The Style of Indiana

Erin Kelley's picture
April 9, 2021
Indiana, United States
Subject Fields: 
Art, Art History & Visual Studies, Cultural History / Studies, Humanities, Theatre & Performance History / Studies, Urban History / Studies

Indiana Style: An Arts and Humanities Symposium


Indiana University Bloomington is pleased to announce a call for papers for “Indiana Style: An Arts and Humanities Symposium,” the second annual conference dedicated to exploring and celebrating the Hoosier state. It will be held April 9-10, 2021, in Bloomington, Indiana.


Outside of Indiana, say our name and you conjure up images of cornfields, limestone quarries, and basketball hoops mounted on sides of red barns. Within the state, we know our style is more varied, complex, and refined. For the last year, an assembled team of scholars and artists has been working to define the style of the Hoosier state through discussion of painting, sculpture, music, dance, literature, fashion, and many other cultural forms. Born out of a grant-funded research team, “Indiana Style” intends to expand on the questions that have arisen in our conversations. We will be featuring performances and artistic installations alongside more traditional academic presentations.


The planning committee is currently accepting proposals for individual papers and panel discussions. Anything Indiana goes, but we’re thinking especially about presentations that address issues and questions of style. Scholars and artists from everywhere are invited to tell tales on this state of ours. Topics to consider are:

  • Midwestern Styles – How do Hoosiers represent themselves? How do they stylize their bodies and lives? Through clothing, gesture, speech or art and texts? How do depictions of the heart of the heartland reflect or inform our culture, values, and politics? Do we consider our style as regional or national? Can we be both?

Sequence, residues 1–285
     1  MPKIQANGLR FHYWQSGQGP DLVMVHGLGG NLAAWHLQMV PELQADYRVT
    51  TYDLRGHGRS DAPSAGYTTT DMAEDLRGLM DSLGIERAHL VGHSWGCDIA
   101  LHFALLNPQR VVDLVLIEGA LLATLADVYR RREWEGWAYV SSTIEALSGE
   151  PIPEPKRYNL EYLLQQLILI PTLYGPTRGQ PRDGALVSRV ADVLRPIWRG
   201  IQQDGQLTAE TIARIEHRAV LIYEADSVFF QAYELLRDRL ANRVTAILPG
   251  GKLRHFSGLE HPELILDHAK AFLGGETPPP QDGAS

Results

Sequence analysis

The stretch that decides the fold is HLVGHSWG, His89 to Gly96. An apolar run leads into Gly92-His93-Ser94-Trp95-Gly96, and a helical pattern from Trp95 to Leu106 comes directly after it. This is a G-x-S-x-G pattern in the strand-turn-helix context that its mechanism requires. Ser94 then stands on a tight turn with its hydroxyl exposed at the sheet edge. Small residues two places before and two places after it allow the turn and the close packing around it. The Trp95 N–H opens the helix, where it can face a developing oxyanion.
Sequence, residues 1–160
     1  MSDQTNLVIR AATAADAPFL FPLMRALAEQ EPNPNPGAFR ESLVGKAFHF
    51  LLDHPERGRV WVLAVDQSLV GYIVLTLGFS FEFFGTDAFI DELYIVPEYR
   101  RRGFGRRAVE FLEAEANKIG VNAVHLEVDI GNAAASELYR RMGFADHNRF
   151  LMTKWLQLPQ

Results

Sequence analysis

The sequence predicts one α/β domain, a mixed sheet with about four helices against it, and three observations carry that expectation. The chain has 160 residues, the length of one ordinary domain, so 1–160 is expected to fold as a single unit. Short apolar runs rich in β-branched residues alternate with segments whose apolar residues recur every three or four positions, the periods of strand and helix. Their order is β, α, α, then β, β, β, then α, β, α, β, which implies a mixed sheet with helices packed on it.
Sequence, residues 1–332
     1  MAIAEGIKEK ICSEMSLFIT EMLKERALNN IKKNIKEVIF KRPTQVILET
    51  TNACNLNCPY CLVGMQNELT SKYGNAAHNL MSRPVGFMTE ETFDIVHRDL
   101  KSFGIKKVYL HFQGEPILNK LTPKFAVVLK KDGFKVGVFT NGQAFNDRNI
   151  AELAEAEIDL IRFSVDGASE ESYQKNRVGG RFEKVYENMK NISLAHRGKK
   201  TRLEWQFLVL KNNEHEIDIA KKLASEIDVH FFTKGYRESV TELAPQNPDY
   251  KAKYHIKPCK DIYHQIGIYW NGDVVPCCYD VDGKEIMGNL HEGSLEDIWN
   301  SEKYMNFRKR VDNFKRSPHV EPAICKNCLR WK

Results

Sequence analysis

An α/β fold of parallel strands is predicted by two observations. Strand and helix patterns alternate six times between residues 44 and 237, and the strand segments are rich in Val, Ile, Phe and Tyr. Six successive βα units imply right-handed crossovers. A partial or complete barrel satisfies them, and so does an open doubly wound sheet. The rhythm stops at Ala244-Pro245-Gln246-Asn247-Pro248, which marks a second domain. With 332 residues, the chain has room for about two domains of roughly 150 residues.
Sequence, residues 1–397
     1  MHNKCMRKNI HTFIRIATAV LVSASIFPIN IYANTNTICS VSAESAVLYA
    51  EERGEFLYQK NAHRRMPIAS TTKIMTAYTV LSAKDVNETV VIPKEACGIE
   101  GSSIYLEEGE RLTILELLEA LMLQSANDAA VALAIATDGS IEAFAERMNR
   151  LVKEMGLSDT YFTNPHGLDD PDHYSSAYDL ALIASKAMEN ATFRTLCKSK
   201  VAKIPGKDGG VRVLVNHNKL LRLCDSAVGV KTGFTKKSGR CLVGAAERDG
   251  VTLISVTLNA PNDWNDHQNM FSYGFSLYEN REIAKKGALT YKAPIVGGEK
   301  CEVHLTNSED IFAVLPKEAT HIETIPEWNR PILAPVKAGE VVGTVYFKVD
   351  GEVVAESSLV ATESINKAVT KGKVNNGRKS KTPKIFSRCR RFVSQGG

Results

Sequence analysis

• Imaginary Indiana – We tell ourselves a lot of things about Indiana that aren’t always true. What do our imaginary versions of Indiana offer us? Art and literature created in and about our state allows us to envision alternative versions of the state; how have these versions altered our reality, our perception?
  • Hoosier Artists – Who is a Hoosier artist? How have different creators who have Indiana roots contributed not only to the style of this state, but their disciplines on a larger scale? What does creative practice look like from a Midwestern or rural perspective? Is there a place here for young creators? For underrepresented artists?
  • Localism – In a state of small towns with hometown heroes and local legends, how does localism (for better or worse) influence Hoosiers? What does it mean to keep an eye on the local in an age where we can be connected to people around the world instantly? How have different media and technologies shaped the style of the state and its transmission?
  • Methodology – Is there something creative or generative about how we study the place we live? What defines the relationship between scholar and region and how do categories of taste and value inflect it? How do we engage in alternative acts of expression under the auspices of study and scholarship?

Of note: we are not wedded to the traditional model of presenting a paper or a book chapter or giving a lecture. If you want to lead a conversation, build a temporary installation, or exhibit a work or collection, we see the academic merit in those things. Write a proposal and tell us why. Research should be collaborative and inclusive and interesting. The presentation of it should allow for a moment of discovery and delight.


We celebrate humanities and the scholars working in those fields. We are also interested in researchers from fields who may not traditionally consider themselves as belonging to humanities, like anthropology and public health. Outside perspectives can often give us a clearer view of ourselves.


Proposal should include the following: the author’s name, rank, and academic affiliation (when applicable); a complete cv or resume; and a titled abstract of 250-500 words. If you are planning to present an artistic work, please also include a portfolio (a link to an online one is fine) and an artist statement. The deadline for submissions is December 4, 2020, and should be sent to

Contact Info: 

Erin Kelley 

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